I've read that allowing frozen food to defrost in the fridge or under running water is generally a good idea (compared to leaving it out on the worktop). I'm aware there are some situations where it's not ideal.

As some foods defrost, they release a liquid. My own research suggests this could be full of bad bacteria etc, and the food can spoil.

In my situation, I have some frozen shellfish. This includes crab claw, squid, cuttlefish and prawns. They are all on 1 dinner plate, in my fridge and I've now considered there are 2 problems, which I can summarise as:

They will soon be sitting in each others water!

I have 2 questions, which are relevant to the title:

  1. As the shellfish will be cooked together, is there are any risk of contamination from the defrosted liquid?

  2. Is my technique (or lack of) of letting them defrost on a plate incorrect? For example, should I be defrosting in a colendar with a bowl underneath?

  • I guess there is a risk of spoiling, if you forget the food and let it sit at room temperature for a long time.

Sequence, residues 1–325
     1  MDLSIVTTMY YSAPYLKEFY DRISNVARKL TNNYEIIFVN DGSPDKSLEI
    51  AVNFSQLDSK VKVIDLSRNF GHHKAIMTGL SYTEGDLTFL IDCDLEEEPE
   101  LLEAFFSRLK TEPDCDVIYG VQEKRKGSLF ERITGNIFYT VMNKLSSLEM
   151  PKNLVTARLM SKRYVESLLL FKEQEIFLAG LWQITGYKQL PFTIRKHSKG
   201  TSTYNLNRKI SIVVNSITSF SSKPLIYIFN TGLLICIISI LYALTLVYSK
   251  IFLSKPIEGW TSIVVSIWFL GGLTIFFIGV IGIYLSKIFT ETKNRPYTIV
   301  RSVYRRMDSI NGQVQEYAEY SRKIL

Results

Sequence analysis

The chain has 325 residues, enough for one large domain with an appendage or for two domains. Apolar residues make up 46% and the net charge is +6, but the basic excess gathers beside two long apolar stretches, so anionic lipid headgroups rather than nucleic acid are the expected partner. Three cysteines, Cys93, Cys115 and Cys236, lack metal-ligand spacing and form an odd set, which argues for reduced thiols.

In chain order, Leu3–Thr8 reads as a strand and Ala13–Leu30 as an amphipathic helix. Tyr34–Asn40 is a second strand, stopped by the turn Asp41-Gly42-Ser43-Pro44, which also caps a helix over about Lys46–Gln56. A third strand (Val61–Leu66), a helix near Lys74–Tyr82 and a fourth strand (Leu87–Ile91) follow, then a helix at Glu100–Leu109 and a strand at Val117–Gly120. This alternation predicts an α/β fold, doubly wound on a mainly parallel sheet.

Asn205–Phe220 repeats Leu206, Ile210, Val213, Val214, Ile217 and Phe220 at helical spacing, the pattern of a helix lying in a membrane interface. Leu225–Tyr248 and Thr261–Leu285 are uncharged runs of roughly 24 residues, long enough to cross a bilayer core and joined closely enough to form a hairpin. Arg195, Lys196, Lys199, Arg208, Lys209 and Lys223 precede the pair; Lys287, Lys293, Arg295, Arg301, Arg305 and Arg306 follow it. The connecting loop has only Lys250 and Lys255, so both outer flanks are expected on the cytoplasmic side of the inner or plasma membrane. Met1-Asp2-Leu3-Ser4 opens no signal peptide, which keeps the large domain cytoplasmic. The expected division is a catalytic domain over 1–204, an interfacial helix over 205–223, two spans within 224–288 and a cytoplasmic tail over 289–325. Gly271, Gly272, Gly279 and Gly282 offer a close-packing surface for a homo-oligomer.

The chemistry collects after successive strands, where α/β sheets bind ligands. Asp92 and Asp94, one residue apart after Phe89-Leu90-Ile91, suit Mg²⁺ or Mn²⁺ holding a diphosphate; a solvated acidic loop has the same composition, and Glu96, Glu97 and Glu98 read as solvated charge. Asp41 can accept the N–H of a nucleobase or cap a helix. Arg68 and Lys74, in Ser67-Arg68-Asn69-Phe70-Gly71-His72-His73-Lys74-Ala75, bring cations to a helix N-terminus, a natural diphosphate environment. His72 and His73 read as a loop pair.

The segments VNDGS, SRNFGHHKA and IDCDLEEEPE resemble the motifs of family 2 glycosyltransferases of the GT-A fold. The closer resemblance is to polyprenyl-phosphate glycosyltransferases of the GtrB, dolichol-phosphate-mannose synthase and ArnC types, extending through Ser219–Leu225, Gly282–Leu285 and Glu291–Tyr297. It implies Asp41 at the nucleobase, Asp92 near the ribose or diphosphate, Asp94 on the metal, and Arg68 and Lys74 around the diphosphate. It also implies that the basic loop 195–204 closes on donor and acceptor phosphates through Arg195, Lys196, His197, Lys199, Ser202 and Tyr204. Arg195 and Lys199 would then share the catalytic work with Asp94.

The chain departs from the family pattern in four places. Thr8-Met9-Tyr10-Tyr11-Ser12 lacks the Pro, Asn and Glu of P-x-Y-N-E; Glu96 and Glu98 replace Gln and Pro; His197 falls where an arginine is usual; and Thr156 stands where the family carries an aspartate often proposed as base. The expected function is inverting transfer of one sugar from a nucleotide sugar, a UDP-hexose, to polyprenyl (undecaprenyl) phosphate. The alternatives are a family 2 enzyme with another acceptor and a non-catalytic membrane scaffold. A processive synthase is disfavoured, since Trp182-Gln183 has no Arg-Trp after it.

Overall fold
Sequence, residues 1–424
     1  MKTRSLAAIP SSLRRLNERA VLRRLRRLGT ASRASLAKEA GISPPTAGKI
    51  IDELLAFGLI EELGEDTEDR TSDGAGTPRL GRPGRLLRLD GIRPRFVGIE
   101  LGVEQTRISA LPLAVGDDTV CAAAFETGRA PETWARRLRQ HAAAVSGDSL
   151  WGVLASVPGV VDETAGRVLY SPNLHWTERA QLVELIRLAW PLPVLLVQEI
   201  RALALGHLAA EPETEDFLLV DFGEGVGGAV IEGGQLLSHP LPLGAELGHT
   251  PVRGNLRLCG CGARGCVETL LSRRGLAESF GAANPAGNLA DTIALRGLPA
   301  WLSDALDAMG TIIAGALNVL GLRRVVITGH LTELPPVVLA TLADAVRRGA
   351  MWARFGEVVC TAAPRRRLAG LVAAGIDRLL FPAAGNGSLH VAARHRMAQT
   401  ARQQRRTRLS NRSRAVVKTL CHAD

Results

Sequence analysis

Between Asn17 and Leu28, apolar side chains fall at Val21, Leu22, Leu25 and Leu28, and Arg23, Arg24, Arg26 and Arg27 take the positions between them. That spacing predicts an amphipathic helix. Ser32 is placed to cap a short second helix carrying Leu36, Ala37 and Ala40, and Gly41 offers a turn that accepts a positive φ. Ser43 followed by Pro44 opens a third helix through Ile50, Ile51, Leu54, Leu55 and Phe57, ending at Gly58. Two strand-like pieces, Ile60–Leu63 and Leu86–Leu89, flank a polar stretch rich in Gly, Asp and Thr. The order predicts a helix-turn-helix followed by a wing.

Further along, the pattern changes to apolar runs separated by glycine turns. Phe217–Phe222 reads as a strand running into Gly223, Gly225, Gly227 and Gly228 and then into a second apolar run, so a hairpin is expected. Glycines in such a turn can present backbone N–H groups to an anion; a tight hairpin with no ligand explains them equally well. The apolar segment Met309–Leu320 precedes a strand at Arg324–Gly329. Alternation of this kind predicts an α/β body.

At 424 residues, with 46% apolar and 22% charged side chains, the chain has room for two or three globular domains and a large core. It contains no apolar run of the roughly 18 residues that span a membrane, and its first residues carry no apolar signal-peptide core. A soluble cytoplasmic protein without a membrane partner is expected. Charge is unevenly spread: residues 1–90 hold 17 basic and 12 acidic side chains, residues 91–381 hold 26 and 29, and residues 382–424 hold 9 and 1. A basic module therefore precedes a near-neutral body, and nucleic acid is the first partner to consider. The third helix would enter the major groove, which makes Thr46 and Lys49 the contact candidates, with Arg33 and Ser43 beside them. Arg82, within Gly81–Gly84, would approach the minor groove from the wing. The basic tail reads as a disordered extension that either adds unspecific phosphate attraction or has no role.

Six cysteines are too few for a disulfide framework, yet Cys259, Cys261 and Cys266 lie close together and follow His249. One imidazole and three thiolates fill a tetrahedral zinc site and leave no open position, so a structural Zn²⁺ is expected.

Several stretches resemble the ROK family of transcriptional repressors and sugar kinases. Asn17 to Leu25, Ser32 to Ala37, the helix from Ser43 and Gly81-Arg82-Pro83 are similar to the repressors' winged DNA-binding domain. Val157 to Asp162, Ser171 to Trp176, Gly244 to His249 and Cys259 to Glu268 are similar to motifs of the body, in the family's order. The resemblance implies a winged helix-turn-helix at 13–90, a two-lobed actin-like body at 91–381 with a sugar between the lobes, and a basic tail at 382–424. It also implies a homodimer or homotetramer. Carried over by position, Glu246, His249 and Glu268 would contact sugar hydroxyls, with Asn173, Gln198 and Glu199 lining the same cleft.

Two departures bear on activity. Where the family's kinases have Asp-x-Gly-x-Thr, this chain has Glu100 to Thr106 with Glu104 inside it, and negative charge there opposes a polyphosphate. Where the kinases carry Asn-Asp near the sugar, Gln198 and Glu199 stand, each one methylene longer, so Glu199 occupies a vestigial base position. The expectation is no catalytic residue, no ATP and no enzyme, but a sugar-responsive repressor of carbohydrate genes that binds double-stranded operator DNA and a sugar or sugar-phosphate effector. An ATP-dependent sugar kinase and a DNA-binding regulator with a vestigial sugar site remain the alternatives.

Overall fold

– danuker
    Commented Oct 24, 2021 at 12:17

3 Answers 3


If this is all kept at refrigerator temperatures, then cooked, your health risk is extremely low. However, there is a better method, which you suggest. Place your seafood/shellfish in a colander or strainer. Place that over a container so that the melting liquid can drain off, and so that the product will not be sitting in the liquid. The same set up can be used for fresh fish, and is common in seafood markets. With non-frozen, the seafood can be packed with ice to keep it as cold as possible. Again, with the set-up I describe, the melting ice will be captured below the product.


This same liquid was contained within the food itself. Some of that liquid does not drip out of the food and will be cooked. There is no danger here.


Put your food on a a tray that has hole in it so that the liquid fall to the bottom .

You can use a baking/grill rack with a pan under it.

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